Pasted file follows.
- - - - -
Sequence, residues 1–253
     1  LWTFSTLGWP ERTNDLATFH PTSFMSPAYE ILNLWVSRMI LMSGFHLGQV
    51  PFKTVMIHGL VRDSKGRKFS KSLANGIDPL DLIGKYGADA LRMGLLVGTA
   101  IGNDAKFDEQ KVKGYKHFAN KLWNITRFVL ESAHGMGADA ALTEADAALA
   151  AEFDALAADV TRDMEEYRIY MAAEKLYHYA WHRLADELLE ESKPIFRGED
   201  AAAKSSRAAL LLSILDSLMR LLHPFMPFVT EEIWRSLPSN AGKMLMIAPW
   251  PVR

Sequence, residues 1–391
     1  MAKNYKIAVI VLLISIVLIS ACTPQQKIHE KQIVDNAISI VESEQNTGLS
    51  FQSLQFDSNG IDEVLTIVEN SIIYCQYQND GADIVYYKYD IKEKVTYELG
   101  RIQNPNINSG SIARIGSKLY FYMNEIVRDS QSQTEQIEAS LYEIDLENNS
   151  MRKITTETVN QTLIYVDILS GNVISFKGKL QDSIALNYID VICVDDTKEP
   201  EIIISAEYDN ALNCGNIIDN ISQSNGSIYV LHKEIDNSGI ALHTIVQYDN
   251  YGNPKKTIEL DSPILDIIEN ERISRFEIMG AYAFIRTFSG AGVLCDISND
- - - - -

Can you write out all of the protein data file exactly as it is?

Sequence, residues 1–253
     1  LWTFSTLGWP ERTNDLATFH PTSFMSPAYE ILNLWVSRMI LMSGFHLGQV
    51  PFKTVMIHGL VRDSKGRKFS KSLANGIDPL DLIGKYGADA LRMGLLVGTA
   101  IGNDAKFDEQ KVKGYKHFAN KLWNITRFVL ESAHGMGADA ALTEADAALA
   151  AEFDALAADV TRDMEEYRIY MAAEKLYHYA WHRLADELLE ESKPIFRGED
   201  AAAKSSRAAL LLSILDSLMR LLHPFMPFVT EEIWRSLPSN AGKMLMIAPW
   251  PVR

Sequence, residues 1–391
     1  MAKNYKIAVI VLLISIVLIS ACTPQQKIHE KQIVDNAISI VESEQNTGLS
    51  FQSLQFDSNG IDEVLTIVEN SIIYCQYQND GADIVYYKYD IKEKVTYELG
   101  RIQNPNINSG SIARIGSKLY FYMNEIVRDS QSQTEQIEAS LYEIDLENNS
   151  MRKITTETVN QTLIYVDILS GNVISFKGKL QDSIALNYID VICVDDTKEP
   201  EIIISAEYDN ALNCGNIIDN ISQSNGSIYV LHKEIDNSGI ALHTIVQYDN
   251  YGNPKKTIEL DSPILDIIEN ERISRFEIMG AYAFIRTFSG AGVLCDISND